NEW YORK (Reuters) - The U.S. Supreme Court will consider whether a federal agency’s procedures have made it too easy to successfully cancel patents after agreeing on Friday to decide a case involving a vehicle speedometer that alerts drivers if they are speeding.
The nine justices will hear an appeal filed by Cuozzo Speed Technologies LLC, whose speedometer patent was invalidated in a U.S. Patent and Trademark Office review procedure after being challenged by GPS device maker Garmin Ltd (GRMN.O) in 2012.
Companies that are frequent targets of patent suits, including Apple Inc (AAPL.O) and Google Inc (GOOGL.O), have taken advantage of the patent office procedure, known as inter partes review (IPR), in unexpectedly high numbers since it was put in place in 2012.
These reviews allow anyone to challenge the validity of a patent far more cheaply and quickly than in a U.S. federal court.
The high court justices will now consider whether the patent office is improperly interpreting the patents that come before it in the reviews. Critics say this leads to a high rate of patent cancellations.
New Jersey-based Cuozzo told the Supreme Court the procedure was “surprisingly lethal,” noting that in nearly 85 percent of cases some or all of the patent claims challenged have been canceled.
If the patent office does not change course, it would allow hundreds or even thousands of additional patent claims to be “invalidated under the wrong standard,” Cuozzo said in court papers.
Jeffrey Wall, an attorney for Cuozzo, said he was pleased the high court will examine the case.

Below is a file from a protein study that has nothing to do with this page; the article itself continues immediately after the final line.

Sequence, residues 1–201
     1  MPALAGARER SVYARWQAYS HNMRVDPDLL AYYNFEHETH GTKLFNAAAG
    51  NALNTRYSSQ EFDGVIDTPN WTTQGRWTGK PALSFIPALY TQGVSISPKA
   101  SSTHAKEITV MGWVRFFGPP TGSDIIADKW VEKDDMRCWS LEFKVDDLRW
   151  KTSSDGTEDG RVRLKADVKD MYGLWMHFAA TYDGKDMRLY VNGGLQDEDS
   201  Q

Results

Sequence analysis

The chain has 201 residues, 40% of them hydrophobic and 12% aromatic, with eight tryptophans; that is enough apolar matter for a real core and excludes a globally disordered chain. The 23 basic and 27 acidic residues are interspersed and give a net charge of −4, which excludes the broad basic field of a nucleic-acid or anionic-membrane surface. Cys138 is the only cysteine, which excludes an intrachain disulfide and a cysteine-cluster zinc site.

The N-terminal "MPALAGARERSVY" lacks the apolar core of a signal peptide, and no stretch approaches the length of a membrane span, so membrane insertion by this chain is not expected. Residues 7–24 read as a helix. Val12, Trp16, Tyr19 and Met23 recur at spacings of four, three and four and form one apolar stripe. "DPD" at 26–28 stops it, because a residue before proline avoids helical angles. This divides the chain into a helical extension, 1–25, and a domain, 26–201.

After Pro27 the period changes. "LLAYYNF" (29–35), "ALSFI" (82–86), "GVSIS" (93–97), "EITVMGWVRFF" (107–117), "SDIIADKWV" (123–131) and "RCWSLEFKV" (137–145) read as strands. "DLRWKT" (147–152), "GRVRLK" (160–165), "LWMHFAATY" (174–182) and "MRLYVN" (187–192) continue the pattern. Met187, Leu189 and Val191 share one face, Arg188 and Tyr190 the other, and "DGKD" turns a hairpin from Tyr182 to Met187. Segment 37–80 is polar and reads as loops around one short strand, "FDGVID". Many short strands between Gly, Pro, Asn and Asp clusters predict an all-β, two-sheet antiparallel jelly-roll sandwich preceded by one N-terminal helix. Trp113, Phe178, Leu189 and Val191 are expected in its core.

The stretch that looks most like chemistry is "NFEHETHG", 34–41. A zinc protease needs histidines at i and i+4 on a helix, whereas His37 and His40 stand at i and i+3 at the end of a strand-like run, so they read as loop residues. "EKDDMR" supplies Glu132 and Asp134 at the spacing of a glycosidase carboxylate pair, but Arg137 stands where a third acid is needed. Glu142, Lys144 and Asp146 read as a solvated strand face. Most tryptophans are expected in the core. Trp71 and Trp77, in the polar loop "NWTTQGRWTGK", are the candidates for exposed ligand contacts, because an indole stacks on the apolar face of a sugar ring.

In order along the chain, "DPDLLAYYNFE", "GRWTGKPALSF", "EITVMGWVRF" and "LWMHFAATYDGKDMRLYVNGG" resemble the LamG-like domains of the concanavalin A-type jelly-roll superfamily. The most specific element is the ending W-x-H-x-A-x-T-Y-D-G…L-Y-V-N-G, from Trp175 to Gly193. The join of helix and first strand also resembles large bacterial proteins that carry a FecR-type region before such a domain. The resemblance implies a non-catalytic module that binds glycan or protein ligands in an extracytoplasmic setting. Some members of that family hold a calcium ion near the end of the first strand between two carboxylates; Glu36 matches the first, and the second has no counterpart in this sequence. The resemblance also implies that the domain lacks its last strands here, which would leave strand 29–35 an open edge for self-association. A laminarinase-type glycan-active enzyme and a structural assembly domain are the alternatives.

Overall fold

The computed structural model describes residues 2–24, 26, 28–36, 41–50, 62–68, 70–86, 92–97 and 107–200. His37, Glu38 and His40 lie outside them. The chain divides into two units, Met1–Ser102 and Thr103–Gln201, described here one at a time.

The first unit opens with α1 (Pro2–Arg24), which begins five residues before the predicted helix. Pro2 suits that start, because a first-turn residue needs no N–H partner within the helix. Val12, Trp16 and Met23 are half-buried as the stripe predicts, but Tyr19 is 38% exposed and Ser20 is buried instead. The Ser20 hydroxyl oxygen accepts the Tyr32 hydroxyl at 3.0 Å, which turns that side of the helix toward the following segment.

The agency had asked the court not to hear Cuozzo’s appeal, saying in court papers any changes to its procedures should be made by Congress.
A ruling is due by the end of June.
Cuozzo was supported by several industry groups and companies, which urged the justices to take the case.
One friend-of-the-court brief on behalf of 3M Co(MMM.N), Caterpillar Inc(CAT.N), Eli Lilly and Co(LLY.N) and Qualcomm Inc (QCOM.O) said the patent office reviews and litigation in district court needed to be streamlined for the “proper functioning of the patent system as a whole.”
The cancellation of Cuozzo’s patent came in the first-ever petition for an IPR. Garmin’s action was in response to a lawsuit filed by Cuozzo in federal court in 2012. Garmin is no longer involved in the case.
A spokesman for the patent office declined to comment.
The case is In re Cuozzo Speed Technologies LLC v Michelle K. Lee, in the Supreme Court of the United States, No. 15-446.
Reporting by Andrew Chung; Editing by Alexia Garamfalvi and Will Dunham